Excellence in Care: Carer Perspective
Still Here, Still Ready
Michelle McGinty, who lost her mother-in-law in the Vale of Leven Hospital C. diff outbreak, reflects on the past and sets out her hopes for the future.
On 1 December 2007, my mother-in-law was rushed to hospital having had a stroke. She was paralysed down her left side but still had all her faculties - she was just as funny as she always had been, just a normal, strong, west coast woman.
We were told two weeks after she was admitted that she wasn't going to improve - she wouldn't get worse, but she wouldn't get better either. We were happy with that - we just wanted to take her home and have our mum back.
A care plan was put in place and we were waiting on equipment being delivered to my sister-in-law's house, where the family would look after her. That's when she caught C. diff. She died a week later, on 1 February 2008.
The last week of her life was horrific. It's imprinted on our memories and will never leave us.
We buried her and determined to try to move on, accepting that death is part of life. Then, four months later, a newspaper report told us there had been a C. diff outbreak at the Vale of Leven Hospital when she was there. The health board said that her death wasn't part of the outbreak - she did not have the 027 strain, so she didn't "count". We were appalled.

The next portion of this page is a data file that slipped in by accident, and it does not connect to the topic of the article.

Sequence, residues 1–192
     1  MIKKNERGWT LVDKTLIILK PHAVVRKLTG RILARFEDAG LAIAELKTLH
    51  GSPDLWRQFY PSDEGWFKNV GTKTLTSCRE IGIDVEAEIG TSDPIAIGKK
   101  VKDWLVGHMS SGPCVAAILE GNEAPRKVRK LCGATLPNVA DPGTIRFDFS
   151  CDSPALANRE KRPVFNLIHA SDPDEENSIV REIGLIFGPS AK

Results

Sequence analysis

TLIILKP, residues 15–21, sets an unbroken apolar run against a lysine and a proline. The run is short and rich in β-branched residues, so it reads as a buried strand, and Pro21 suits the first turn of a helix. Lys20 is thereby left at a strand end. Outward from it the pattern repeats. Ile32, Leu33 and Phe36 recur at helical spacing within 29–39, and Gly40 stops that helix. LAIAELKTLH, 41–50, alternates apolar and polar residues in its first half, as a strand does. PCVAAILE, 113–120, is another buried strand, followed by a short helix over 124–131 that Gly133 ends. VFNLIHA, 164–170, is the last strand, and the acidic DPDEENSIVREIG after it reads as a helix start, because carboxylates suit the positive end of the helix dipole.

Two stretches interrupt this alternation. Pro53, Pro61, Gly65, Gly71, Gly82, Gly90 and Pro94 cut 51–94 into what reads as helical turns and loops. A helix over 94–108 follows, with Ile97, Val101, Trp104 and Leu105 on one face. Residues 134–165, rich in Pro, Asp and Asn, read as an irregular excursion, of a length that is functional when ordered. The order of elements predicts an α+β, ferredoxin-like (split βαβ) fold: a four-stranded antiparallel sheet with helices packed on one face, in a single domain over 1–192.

I researched everything I could about C. diff on the internet and found that any strain of the organism - not just 027 - can kill. Then it was reported that 55 families of patients at the Vale had gone through what we had gone through.
The families got together and we started to tell our stories. As we did so, we got angry - not with anyone or anything in particular, but at what we realised was the same thing happening again and again. To hear one story was to hear them all, they were so similar.
Our fight for justice started then. That fight has never been about blame - who is that going to help? It has always been about change. And if what we've done as a group means that no other family ever has to go through what we went through, then we've done the right thing.
Our fight for a public inquiry took two and a half years. Giving our evidence was hurtful - going back to those dark days - but hearing evidence from nurses was even harder. We had always recognised there had been failings in care, but to hear that our loved ones had developed pressure sores, that their fluid balance charts had not been filled in, that some of the patients, including my mother-in-law, were still given laxatives even though they had C. diff diarrhoea - I think it is a huge credit to the families to have heard that evidence and still say, "We do not want to blame anyone."
When we read the inquiry report, there were no shocks for us - we knew it all already. It provided absolute validation that everything we had said and fought for over the previous seven years was true.
Every time we put members of our families into a care setting, we have to be able to absolutely trust the people caring for them. That trust has been lost a bit over the last few years, but we want to work with you to change things for the better - we're not looking for people's heads. So I would say to everyone attending this event and the wider healthcare community, show us your desire to change things for the better, show us that you will not tolerate another Vale of Leven situation happening ever again.
The most important thing about care assurance for me is that it means we can be confident that you will look after our loved ones with as much care and attention as we would at home. The families are still here and we're ready to help - when we say we want to change things, we really mean it.
Email: Jan Liddle
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